Ebeye – the most populous island in the Kawajalein Atoll in RMI – also faces a dual epidemic of non-communicable diseases (NCDs) such as diabetes. In fact, diabetes is the number one public health problem and the leading cause of premature mortality in the RMI, affecting over 20% of the adult population. The high rates of diabetes are primarily the result of extremely poor diets with low levels of fresh vegetables and fruit consumption and lack of physical activity. These risk factors are compounded by socio-economic and structural determinants, including an overdependence on imported hyper-processed foods due to lack of arable land.
Both TB and diabetes affect people who are in their productive years, presenting a risk to development progress that has been achieved if prevention efforts are not successful. TB concentrates in certain vulnerable segments of the population, such as the elderly, the poor, migrants as well as those with compromised immune systems such as diabetics or people living with HIV.
To help bring the situation under control in RMI, the Ministry of Health, supported by several agencies including the United Nations Development Programme (UNDP), the World Health Or Continue reading

Have A Family History Of Diabetes? 6 Things You Need To Start Doing Immediately

Have A Family History Of Diabetes? 6 Things You Need To Start Doing Immediately

Have A Family History Of Diabetes? 6 Things You Need To Start Doing Immediately
Type 2 diabetes is a common, serious disease that can harm many organs of the body. Currently, 40 percent of people in the United States are expected to develop type 2 diabetes in their lifetime. There are ways to reduce the risk of developing type 2 diabetes. This article will look at six of them.
Overview of Diabetes
Diabetes mellitus, or diabetes, refers to a group of metabolic diseases where the body does not adequately produce insulin or use insulin properly. Insulin plays a crucial role in delivering glucose, or sugar, into the cells. This glucose is then used for energy.
People with untreated or poorly managed diabetes have abnormally high levels of glucose in their blood. This can lead to organ damage and other complications. Too much glucose in the blood is called hyperglycemia. Symptoms include fatigue, blurry vision, hunger, increased thirst, and frequent urination.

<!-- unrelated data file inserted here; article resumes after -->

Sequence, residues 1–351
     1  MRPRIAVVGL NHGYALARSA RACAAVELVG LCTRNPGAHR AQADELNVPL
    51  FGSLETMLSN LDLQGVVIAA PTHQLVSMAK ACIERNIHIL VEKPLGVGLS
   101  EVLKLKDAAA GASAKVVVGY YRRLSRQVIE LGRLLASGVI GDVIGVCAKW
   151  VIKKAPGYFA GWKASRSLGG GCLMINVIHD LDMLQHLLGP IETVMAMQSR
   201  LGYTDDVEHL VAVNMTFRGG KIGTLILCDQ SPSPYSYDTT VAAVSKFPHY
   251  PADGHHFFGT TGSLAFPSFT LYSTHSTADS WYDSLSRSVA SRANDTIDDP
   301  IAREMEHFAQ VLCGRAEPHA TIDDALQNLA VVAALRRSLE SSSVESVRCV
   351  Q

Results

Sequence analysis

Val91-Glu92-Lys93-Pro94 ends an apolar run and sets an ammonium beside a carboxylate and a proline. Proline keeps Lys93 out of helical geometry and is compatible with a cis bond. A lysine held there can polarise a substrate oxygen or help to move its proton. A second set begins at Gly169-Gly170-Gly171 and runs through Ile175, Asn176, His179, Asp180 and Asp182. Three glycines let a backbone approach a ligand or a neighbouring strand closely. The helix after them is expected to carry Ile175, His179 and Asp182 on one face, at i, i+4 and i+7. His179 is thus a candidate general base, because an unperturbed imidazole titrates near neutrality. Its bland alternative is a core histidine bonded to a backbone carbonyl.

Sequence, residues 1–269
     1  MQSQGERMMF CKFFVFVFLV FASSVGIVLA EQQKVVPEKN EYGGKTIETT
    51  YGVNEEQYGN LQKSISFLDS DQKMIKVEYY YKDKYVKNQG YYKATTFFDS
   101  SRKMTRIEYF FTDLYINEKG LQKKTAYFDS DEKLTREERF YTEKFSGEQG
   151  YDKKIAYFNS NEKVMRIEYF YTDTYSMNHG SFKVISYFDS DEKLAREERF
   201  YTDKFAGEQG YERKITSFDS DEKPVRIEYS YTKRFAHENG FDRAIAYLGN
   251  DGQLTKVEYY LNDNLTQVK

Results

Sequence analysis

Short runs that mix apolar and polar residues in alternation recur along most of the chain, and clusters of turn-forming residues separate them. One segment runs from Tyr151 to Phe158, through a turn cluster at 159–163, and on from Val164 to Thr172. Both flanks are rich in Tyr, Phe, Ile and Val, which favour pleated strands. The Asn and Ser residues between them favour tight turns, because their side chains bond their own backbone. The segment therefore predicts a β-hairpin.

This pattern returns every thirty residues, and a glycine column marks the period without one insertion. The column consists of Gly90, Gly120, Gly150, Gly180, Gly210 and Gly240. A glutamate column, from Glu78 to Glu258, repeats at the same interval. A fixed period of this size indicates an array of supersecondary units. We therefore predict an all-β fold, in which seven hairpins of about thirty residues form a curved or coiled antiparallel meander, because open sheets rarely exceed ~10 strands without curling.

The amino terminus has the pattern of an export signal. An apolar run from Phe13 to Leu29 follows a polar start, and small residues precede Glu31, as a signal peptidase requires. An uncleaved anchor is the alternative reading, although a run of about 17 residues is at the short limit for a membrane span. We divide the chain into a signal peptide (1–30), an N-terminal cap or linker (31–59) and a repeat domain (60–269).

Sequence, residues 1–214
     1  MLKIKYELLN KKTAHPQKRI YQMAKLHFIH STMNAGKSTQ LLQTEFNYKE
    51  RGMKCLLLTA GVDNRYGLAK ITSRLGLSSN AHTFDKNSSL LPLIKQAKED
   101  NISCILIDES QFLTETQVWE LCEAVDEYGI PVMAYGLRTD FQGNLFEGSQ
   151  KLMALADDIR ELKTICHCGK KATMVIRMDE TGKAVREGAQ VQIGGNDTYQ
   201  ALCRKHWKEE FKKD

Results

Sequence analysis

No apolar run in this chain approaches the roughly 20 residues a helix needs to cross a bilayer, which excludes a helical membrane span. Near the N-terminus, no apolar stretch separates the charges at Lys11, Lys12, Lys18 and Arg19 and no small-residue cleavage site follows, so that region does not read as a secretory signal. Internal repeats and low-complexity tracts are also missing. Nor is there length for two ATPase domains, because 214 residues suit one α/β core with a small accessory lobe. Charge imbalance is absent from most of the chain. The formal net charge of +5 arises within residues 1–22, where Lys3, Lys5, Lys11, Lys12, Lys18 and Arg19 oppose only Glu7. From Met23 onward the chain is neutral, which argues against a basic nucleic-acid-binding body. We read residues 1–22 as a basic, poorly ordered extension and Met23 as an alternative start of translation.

Have A Family History Of Diabetes? 6 Things You Need To Start Doing Immediately
Type 2 Diabetes
Type 2 diabetes is the most common form of diabetes, accounting for about 90 to 95 percent of all diagnosed cases. In type 2 diabetes, the body develops a resistance to insulin.
This means the body cannot use insulin to absorb blood sugar into the cells so that it can be utilized for energy. Some people with type 2 diabetes may stop producing enough insulin to keep blood sugar levels within normal ranges.
Treatment of type 2 diabetes involves diet, exercise, and sometimes medications. Lifestyle changes can also help to prevent t Continue reading

Reverse your diabetes: You can stay diabetes-free long-term

Reverse your diabetes: You can stay diabetes-free long-term

A new study from Newcastle University has shown that people who reverse their diabetes and then keep their weight down remain free of diabetes.
In addition, the team found that even patients who have had Type 2 diabetes for up to 10 years can reverse their condition.
The study, published in Diabetes Care, is the latest research from Professor Roy Taylor, Professor of Medicine and Metabolism at Newcastle University, who also works within Newcastle Hospitals.
The research is part of a growing body of evidence showing that people with Type 2 diabetes who successfully lose weight can reverse their condition because fat is removed from their pancreas, returning insulin production to normal.
Reversing diabetes
A previous study led by Professor Taylor showed that diabetes could be reversed by a very low calorie diet.
This caused international interest, but the study was very short as it was only eight weeks and the question remained whether the diabetes would stay away.
In this new study, 30 volunteers with Type 2 diabetes embarked on the same diet of 600 to 700 calories a day.
Participants lost on average 14 kilograms — just over 2 stone. Over the next 6 months they did not regain any weight.
The group included many people with longer duration diabetes, defined as more than 8 years and ranging up to 23 years.
Overall, 12 patients who had had diabetes for less than 10 years reversed their condition. 6 months later they remained diabetes free. In fact, after 6 months a thirteenth patient had reversed their diabetes.
Though the volunteers lost weight they remained overweight or ob Continue reading